I have been watching Spooks for 2 years now.  It comes and goes, but the quality of the acting holds me fast.  A couple of years ago they had a rather gorgeous blond man (can't remember his name) and Ros was his new sidekick.  Now Ros is in the driver's seat and she has an offsider with a past one can only boggle at.  I won't go on.... just ask your Mum.  It is worth watching though.  Very tight direction and a cop-less storyline.  MI6 are much more interesting.  

I think the comparison of moving house and childbirth is particularly apt. :-)
How can you prove whether at this moment we are sleeping, and all our thoughts are a dream; or whether we are awake, and talking to one another in the waking state?  - Plato

marcie

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Re: PBS Masterpiece Contemporary 2010
« Reply #19 on: November 22, 2010, 11:06:10 AM »
I watched Lennon Naked last evening. While somewhat interesting, it isn't a program I'd recommend. I found a review at http://www.latimes.com/entertainment/news/la-et-john-lennon-20101122,0,3064151.story and I agree with what the reviewer says:
"Minus any demonstration of his importance, and with Eccleston playing the pained, petulant John to the near exclusion of the talented, charming one, we are left just with a portrait of a rich and prickly young man, impersonated by a comparatively old one: Eccleston, who is 46, plays Lennon only from 23 to 30, when he moved with Ono to the United States, where he would spend the rest of his life despite Richard Nixon's best efforts to deport him.

The documentary "LENNONYC," written and directed by Michael Epstein, picks up right where "Naked Lennon" leaves off, as John and Yoko arrive in New York, just a couple of huddled masses yearning to breathe free. Juxtaposed with "Lennon Naked," it argues for the superiority of biography over biopic: Here is the person, singing his songs, speaking for himself and being spoken of, seen in his own clothes in his own house."

The LENNONNYC biography airs tonight in my area.

joangrimes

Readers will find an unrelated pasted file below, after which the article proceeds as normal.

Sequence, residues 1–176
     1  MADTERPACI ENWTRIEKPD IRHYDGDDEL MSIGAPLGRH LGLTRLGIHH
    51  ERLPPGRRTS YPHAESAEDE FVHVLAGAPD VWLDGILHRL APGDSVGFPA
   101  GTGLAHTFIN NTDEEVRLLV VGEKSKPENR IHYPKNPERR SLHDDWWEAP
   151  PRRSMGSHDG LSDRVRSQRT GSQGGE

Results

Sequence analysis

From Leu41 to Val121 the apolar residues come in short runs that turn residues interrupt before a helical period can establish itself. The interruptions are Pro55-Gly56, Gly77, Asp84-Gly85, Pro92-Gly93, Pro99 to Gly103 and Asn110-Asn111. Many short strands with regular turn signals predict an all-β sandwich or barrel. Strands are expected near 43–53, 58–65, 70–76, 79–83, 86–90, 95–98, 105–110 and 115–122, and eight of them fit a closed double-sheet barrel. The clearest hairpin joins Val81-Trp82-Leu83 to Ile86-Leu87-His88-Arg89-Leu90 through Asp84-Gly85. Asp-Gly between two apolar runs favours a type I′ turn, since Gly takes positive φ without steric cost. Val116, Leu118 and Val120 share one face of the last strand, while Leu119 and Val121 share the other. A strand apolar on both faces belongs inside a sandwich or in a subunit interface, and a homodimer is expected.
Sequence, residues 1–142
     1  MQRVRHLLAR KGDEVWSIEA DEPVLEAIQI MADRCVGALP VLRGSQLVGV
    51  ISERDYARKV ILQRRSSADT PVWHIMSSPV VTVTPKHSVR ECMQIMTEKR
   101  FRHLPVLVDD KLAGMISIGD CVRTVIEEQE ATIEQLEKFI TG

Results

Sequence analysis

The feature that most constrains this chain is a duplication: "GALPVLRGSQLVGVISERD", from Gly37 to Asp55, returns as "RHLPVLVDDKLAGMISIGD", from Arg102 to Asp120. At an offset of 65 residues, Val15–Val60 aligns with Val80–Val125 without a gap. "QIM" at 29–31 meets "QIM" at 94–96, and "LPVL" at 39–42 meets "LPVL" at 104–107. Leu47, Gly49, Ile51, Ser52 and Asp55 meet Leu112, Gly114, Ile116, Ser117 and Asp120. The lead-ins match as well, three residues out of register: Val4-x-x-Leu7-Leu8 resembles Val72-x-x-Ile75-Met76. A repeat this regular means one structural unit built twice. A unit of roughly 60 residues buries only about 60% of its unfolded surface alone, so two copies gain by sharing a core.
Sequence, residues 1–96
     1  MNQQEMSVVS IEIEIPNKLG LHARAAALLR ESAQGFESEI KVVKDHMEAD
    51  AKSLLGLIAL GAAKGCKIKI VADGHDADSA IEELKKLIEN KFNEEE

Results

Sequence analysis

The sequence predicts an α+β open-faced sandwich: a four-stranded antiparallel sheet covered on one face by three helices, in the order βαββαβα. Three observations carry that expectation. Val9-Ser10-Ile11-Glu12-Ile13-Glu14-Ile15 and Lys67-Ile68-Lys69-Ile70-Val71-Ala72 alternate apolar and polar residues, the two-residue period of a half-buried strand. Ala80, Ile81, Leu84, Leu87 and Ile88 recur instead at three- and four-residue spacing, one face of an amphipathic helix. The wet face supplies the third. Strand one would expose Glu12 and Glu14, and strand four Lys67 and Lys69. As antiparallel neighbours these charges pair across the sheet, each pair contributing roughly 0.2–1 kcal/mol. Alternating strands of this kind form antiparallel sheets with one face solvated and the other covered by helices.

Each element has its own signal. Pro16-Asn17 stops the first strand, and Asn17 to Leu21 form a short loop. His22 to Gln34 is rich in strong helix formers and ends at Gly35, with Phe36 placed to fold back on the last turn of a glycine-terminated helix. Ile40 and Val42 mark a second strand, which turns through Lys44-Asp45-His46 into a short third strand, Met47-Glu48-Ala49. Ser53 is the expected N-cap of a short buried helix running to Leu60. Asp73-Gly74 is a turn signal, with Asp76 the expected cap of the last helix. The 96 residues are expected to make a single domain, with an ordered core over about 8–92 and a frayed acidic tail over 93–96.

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Re: PBS Masterpiece Contemporary 2010
« Reply #20 on: November 23, 2010, 12:01:47 AM »
I Watched some lennon naked  last night but ended up turning it off...I did not like it at all...I never cared for Lennon...so i am not really surprised that i did not lke  the broadcast last night..Joan Grimes...
Roll Tide ~ Winners of  BCS 2010 National Championship

ALF43

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Re: PBS Masterpiece Contemporary 2010
« Reply #21 on: November 26, 2010, 09:32:08 AM »
Well I have always been and always will be a Beatles fan and a Lennon fan.
I saw them live in NY City in '64, living in New York and dating a cop.  That made it much easier to access the crowds. :o
Lennon was a mere mortal, like the rest of us and the presentation showed that with all of his idiosyncracies, foibles of being human and his penchant for addictive substances.  I like the 2nd presentation however and cried at the end.  I loved the way they ended the program with his death and the interviews that were conducted.  IMAGINE- all those people!!!!!!
Hey Marcie could we put a musical note icon in here?
Books are the bees which carry the quickening pollen from one to another mind.  ~James Russell Lowell

marcie

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Re: PBS Masterpiece Contemporary 2010
« Reply #22 on: November 26, 2010, 11:30:22 PM »
JoanG and Andy, it makes for interesting discussion when we have such polar views!